Sewer rates consist of a fixed service fee, a volumetric usage charge, and in more recent years, an additional fixed TWI fee that directly funds consent decree-related projects. Consistent with a prior four-year rate plan, the service charge and volumetric rates were both raised by 3% for fiscal year 2014. The additional TWI charge has stayed flat at $15.82 each year since fiscal year 2011. The utility is currently undergoing its next four-year rate plan revision process to decide sewer rate increases for fiscal years 2015-2018. These rates will be sized to support ongoing operations, as well as to modify the additional charge dedicated to the TWI program. Based on the successful passage of prior rate plans, management is optimistic that the proposed rate increases and continued dedicated TWI funding will be approved by City Council. Fitch expects that the proposed plan will yield revenue projections sufficient to meet the system's growing debt service costs in line with historical performance.
The typical residential customer spent $146.14 per quarter (or approximately $50 per month) on their sewer bill in fiscal year 2013. This equated to roughly 1.7% of median household income (MHI), which is considered high by Fitch as it exceeds the 1% threshold for a single utility bill's proportion of monthly spending. When charged along with the city's water bill, which comprises 0.6% of MHI, combined utility rates equate to over 2.0% of MHI. As both the water and sewer utility's rates are on the rise to support large debt-funded capital programs, individual rate-setting flexibility may become increasingly strained.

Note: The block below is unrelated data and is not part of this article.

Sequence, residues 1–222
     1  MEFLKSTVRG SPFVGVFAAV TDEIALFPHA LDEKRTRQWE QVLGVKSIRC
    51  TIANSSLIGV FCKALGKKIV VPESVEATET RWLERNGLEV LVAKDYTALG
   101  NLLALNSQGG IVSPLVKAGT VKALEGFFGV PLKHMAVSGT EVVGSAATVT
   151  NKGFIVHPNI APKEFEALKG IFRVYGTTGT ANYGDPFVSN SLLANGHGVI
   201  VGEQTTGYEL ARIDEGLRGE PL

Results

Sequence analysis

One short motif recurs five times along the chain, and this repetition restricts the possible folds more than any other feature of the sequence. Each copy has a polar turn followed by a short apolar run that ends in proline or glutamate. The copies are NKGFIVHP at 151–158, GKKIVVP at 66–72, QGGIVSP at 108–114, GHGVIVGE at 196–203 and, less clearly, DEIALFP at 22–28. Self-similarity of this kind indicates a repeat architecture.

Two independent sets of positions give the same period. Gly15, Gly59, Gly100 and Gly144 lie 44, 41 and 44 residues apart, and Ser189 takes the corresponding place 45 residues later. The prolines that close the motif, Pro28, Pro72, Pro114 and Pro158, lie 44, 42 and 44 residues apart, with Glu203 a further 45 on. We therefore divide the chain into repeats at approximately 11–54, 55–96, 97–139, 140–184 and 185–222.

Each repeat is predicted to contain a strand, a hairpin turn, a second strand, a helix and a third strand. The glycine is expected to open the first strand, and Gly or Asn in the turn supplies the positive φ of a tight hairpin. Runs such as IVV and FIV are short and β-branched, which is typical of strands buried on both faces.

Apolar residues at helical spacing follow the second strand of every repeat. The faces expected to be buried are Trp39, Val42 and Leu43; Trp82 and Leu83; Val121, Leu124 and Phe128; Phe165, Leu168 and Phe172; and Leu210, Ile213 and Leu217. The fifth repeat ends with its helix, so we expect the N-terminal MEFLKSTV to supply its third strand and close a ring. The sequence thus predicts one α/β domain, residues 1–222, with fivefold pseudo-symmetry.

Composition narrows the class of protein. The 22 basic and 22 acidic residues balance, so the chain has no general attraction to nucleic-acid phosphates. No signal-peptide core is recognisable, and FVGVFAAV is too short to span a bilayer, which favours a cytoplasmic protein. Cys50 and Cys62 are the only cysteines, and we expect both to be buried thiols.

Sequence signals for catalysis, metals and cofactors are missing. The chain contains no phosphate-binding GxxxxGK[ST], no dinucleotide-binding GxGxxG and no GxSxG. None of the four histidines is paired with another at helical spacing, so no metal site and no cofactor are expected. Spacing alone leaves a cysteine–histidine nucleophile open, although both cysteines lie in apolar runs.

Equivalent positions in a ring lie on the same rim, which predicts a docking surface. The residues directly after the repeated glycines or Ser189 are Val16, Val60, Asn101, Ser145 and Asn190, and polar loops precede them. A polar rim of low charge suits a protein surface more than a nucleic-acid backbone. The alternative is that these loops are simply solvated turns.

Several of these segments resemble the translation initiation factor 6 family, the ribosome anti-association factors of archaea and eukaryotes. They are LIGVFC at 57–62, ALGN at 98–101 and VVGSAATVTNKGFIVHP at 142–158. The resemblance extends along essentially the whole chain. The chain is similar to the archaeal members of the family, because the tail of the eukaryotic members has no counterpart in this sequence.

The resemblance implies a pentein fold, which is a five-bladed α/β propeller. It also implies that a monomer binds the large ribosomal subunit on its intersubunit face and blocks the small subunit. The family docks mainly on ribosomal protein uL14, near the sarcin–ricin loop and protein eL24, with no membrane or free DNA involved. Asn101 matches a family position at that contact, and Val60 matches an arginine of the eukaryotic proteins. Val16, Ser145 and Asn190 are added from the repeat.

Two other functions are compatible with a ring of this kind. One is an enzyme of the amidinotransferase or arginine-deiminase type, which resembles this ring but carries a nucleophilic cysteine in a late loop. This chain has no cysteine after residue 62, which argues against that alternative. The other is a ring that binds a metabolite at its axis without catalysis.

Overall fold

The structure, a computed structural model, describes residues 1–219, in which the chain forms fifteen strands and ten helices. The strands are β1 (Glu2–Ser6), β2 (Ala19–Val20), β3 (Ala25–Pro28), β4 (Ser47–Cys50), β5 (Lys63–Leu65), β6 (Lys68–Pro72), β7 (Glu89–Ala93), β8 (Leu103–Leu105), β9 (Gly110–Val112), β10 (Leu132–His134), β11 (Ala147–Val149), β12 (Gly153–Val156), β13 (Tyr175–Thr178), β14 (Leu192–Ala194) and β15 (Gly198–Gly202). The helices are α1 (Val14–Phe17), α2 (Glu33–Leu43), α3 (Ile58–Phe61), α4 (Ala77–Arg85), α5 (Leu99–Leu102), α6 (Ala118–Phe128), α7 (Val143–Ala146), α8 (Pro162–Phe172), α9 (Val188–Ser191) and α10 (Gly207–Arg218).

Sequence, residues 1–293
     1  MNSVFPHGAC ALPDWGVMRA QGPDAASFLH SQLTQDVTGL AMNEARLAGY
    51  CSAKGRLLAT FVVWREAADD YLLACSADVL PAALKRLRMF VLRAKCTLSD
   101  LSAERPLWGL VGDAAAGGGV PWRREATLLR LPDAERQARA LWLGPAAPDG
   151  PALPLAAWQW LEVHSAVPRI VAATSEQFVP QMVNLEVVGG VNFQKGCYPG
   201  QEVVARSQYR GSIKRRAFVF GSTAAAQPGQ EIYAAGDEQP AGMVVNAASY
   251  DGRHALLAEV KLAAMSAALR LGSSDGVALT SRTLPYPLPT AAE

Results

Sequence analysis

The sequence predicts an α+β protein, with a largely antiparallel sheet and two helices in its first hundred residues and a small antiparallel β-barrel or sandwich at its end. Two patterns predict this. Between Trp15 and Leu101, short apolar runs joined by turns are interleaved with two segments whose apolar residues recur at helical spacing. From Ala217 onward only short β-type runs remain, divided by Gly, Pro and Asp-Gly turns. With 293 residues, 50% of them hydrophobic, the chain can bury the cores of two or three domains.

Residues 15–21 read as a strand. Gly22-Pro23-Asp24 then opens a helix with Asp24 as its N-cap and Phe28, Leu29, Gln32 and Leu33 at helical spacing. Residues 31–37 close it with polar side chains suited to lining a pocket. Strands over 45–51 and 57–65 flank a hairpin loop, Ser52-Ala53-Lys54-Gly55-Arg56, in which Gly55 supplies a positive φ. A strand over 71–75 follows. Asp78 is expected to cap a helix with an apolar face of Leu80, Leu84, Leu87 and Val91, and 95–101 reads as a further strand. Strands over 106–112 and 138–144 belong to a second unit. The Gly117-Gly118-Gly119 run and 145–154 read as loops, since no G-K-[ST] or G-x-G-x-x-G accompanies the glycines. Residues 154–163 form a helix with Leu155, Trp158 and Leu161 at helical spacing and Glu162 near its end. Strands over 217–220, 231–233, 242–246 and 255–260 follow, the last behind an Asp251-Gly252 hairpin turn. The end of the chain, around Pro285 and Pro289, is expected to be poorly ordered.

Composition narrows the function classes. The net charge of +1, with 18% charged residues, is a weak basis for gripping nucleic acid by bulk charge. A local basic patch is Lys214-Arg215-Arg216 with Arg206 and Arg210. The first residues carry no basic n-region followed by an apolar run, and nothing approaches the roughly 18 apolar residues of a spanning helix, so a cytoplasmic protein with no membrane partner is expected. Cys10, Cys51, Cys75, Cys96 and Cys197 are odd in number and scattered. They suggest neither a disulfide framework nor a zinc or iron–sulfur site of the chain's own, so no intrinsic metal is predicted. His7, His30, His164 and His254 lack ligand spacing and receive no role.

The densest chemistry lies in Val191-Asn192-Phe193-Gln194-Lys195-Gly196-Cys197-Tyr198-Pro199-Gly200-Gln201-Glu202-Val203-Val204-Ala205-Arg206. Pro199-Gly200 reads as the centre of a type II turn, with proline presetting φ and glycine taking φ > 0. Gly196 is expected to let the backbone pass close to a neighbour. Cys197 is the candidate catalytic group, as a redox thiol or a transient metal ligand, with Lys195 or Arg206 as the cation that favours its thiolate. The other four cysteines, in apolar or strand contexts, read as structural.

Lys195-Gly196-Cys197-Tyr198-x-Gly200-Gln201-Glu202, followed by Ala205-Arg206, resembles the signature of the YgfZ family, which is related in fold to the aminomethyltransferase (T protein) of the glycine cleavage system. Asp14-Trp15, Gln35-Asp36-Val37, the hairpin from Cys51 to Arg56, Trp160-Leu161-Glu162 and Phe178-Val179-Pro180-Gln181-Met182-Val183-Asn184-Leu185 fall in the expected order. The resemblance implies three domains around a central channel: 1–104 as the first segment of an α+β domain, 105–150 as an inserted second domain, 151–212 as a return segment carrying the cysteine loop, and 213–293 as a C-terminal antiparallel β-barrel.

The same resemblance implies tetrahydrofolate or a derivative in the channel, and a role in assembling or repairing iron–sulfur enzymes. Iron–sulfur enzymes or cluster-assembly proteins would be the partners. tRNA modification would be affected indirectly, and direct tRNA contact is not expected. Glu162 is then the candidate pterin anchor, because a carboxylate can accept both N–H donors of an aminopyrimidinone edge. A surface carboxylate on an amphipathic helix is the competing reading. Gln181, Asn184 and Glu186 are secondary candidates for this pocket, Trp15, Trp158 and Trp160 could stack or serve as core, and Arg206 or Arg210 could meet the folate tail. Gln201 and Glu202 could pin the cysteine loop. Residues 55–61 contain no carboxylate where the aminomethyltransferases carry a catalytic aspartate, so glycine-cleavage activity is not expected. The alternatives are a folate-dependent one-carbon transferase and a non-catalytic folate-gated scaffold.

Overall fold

RECOVERING SERVICE AREA
Toledo is the county seat of Lucas County, located in northwestern Ohio. The city's economy is driven by manufacturing, health care, education and local government. The city's unemployment rate, measured at 6.2% in April 2014, is at its lowest point in recent history, ranking below both the state (7.5%) and national levels (6.3%). Wealth levels within the county are low; per capita personal income levels in Toledo fall below both the state and national averages.
Additional information is available at 'www.fitchratings.com'.
In addition to the sources of information identified in Fitch's Revenue-Supported Rating Criteria, this action was additionally informed by information from Creditscope.
Applicable Criteria and Related Research:
--'Revenue-Supported Rating Criteria' (June 2013);
--'U.S. Water and Sewer Revenue Bond Rating Criteria' (July 2012);
--'2014 Water and Sewer Medians' (December 2013);
--'2014 Outlook: Water and Sewer Sector' (December 2013).
Applicable Criteria and Related Research:
Revenue-Supported Rating Criteria
U.S. Water and Sewer Revenue Bond Rating Criteria
2014 Water and Sewer Medians
2014 Outlook: Water and Sewer Sector